The local hackerspace in Tirana, Albania might be small, but they make up for size in spirit. During the weekend of 18-19 March 2017, the Open Labs Hackerspace organized the first-ever 48 hour “open source” hackathon focused on the United Nations Sustainable Development Goals. The UN Sustainable Development Goals are seventeen objectives identified by the United Nations Development Programme (UNDP) to build a better world, starting in our own communities. Some of the goals include quality education, gender equality, decent work and economic growth, clean energy, and more. During the course of the hackathon, participants selected a goal, broke into teams, and worked on projects to make real change in their own neighborhoods. In the spirit of open source, all projects are made available under free and open licenses.
Organizing the hackathon in Albania
The board members of Open Labs oversee most of its operations and help guide members in hosting events and keeping the hackerspace busy. The current board members are Redon Skikuli, Jona Azizaj, Elio Qoshi, Kristi Progri, and Anisa Kuci. However, they emphasize that it’s strongly a community-based organization. Board members invite others to take part in the organization’s governance.
When the opportunity came to take part in this event, the board members felt it was a great opportunity to try something new. While hackathon events are popular and well-known in the United States and elsewhere, this was foreign territory for the community. “At first, we were nervous because this type of 48 hour event was new for Open Labs but also for Albania. But we wanted to use this as a chance to introduce the open source philosophy to new people and to show what we do and why,” said Azizaj. The organizers hoped to appeal to a wider audience than only active community members too.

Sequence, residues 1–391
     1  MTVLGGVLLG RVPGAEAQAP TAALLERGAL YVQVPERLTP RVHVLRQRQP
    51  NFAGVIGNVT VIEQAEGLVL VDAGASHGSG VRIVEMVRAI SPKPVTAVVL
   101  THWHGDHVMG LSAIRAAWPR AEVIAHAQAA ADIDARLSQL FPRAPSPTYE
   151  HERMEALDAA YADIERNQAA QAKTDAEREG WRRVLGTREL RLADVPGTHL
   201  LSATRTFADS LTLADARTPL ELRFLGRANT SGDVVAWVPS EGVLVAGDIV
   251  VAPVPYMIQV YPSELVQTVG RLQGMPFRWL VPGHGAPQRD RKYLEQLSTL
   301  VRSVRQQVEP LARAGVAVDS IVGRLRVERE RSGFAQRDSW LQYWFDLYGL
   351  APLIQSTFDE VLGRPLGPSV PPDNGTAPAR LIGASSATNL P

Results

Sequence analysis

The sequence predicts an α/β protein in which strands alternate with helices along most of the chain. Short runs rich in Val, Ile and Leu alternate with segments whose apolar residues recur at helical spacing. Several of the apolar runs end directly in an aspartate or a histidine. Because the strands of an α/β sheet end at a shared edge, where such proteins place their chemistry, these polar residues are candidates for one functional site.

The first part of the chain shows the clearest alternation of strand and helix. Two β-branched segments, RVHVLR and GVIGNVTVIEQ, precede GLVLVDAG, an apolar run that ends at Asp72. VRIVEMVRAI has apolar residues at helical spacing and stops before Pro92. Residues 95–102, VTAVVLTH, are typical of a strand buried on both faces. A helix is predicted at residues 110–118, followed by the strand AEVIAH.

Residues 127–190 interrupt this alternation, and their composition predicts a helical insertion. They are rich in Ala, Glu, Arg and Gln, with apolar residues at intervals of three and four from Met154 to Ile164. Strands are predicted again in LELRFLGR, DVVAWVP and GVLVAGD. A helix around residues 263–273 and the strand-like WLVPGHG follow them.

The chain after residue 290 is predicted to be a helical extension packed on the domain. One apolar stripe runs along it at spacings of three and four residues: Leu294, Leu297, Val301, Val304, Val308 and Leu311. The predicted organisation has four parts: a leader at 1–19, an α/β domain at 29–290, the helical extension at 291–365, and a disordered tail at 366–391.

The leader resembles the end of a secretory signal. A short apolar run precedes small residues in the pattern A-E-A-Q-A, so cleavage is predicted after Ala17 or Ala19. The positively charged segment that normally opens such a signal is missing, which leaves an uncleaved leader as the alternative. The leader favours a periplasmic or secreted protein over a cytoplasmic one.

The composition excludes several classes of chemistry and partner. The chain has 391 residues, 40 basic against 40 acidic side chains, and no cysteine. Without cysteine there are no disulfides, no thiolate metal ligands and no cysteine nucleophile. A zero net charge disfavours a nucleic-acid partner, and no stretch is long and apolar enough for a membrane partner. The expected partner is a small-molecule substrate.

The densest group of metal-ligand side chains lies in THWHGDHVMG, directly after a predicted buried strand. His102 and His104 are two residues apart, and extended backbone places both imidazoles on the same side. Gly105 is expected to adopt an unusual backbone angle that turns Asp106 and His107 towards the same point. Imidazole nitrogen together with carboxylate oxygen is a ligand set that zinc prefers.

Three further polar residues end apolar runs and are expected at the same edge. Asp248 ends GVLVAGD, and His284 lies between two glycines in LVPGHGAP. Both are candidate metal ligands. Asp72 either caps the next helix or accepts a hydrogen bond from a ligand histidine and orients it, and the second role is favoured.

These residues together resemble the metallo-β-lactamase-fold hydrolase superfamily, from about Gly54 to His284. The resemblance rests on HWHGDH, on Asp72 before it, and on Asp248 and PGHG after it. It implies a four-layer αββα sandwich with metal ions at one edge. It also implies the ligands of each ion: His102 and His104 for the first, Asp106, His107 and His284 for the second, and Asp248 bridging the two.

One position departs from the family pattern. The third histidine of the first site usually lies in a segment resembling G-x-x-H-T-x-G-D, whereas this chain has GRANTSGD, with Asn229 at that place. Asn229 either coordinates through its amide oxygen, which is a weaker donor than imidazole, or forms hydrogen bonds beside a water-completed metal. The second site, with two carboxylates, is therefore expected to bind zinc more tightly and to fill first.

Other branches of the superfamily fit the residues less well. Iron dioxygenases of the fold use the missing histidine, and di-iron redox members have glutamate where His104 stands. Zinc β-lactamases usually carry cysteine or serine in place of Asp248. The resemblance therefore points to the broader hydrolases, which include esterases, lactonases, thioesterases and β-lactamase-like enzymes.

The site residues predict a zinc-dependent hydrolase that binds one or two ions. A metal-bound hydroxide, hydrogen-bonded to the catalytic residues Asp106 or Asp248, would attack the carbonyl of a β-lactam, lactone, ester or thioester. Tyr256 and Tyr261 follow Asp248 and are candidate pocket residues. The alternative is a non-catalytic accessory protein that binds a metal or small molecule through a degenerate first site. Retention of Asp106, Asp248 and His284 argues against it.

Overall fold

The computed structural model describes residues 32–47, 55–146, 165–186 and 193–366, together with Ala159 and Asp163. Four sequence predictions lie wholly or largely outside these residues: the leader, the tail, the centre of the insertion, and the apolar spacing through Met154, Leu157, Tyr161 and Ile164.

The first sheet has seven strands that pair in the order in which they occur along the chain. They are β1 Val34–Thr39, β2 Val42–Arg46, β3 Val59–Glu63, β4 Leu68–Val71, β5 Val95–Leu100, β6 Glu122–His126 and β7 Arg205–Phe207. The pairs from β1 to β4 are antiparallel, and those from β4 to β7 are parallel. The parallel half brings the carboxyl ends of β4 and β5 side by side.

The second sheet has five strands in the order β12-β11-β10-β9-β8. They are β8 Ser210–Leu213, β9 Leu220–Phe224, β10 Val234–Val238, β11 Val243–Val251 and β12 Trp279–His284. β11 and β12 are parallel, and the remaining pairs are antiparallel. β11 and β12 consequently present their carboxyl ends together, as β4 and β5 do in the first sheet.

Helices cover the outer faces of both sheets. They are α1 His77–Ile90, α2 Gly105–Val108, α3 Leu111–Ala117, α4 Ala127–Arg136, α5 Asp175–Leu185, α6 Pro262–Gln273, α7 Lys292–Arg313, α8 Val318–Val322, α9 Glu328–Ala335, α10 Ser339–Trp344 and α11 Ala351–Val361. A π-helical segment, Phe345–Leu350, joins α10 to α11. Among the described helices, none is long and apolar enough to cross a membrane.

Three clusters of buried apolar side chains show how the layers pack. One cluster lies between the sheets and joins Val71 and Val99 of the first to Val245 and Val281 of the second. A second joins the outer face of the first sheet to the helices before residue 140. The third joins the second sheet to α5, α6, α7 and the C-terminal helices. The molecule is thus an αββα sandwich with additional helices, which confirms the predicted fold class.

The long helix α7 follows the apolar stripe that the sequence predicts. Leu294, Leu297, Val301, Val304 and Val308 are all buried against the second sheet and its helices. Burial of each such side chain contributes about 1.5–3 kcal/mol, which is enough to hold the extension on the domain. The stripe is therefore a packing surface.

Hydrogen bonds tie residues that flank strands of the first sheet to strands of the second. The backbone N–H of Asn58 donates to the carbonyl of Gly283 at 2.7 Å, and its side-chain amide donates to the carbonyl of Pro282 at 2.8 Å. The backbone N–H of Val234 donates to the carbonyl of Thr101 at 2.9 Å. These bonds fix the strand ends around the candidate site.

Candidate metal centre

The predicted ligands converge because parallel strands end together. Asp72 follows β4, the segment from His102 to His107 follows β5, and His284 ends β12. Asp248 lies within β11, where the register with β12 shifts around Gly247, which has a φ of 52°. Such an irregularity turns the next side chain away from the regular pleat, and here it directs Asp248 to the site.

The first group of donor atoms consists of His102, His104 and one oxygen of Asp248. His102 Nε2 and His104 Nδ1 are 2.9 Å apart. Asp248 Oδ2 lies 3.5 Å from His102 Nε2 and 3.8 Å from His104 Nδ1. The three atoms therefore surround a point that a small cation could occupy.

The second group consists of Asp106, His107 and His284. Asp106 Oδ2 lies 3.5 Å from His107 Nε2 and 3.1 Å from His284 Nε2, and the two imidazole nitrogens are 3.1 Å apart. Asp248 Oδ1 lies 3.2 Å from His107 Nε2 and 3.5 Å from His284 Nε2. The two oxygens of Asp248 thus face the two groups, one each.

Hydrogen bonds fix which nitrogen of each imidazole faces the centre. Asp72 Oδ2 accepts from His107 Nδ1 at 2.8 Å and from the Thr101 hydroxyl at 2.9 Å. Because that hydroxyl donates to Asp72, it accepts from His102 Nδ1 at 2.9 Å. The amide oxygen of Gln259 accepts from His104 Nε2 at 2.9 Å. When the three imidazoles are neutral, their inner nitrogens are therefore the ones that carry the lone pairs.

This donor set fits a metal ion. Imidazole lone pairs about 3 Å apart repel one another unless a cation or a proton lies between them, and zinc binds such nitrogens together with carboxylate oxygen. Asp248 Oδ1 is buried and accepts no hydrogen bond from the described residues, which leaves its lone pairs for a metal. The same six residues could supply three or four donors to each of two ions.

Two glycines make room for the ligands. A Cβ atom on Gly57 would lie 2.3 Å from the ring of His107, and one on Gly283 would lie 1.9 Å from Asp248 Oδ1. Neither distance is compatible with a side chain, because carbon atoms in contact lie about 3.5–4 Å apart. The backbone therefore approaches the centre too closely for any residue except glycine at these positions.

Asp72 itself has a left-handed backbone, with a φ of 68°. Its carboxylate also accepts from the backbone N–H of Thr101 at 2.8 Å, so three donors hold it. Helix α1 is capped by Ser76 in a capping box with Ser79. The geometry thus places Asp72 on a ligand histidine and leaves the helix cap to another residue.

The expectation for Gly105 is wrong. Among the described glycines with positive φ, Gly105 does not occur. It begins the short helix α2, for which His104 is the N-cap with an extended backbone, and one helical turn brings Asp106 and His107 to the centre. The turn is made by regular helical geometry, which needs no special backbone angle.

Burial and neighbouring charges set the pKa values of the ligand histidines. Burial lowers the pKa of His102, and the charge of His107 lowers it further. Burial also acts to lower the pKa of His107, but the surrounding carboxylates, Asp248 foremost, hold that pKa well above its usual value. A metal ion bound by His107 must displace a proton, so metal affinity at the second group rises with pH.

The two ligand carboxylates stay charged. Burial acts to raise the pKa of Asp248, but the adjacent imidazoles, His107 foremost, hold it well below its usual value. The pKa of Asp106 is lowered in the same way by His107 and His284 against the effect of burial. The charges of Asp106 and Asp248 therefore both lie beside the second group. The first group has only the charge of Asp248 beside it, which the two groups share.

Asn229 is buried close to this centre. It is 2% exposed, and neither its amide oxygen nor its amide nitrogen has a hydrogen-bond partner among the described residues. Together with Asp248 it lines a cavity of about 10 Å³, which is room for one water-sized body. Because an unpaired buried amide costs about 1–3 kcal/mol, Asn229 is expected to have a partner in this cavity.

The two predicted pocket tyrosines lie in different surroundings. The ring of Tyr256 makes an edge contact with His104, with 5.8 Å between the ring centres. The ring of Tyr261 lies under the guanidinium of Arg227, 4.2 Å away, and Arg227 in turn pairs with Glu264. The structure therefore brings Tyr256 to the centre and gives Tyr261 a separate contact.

Organizing the hackathon was a challenge since many of the core team members were traveling the week before the event. However, community members and UN representatives were more than willing to help with organizing the hackathon. This event also required a level of coordination that was uncommon for the normal type of event organized in Open Labs. “When planning, we were hoping to reach out to non-members of Open Labs too. This way, more people are exposed to open source and its culture. This lets people who want to make change, but don’t know how, to understand what is available to help them,” said Skikuli. When the Friday before the event arrived, the team was ready for a weekend of open source, civic hacking.
On Saturday morning, approximately 30 people were present for the event kick-off. Open Labs members and United Nations representatives introduced the hackathon and the themes for attendees to focus on during the weekend. Attendees were a diverse group of people as well: there was a balance between technical and non-technical people, and the gender ratio was almost evenly split between males and females.
Working on projects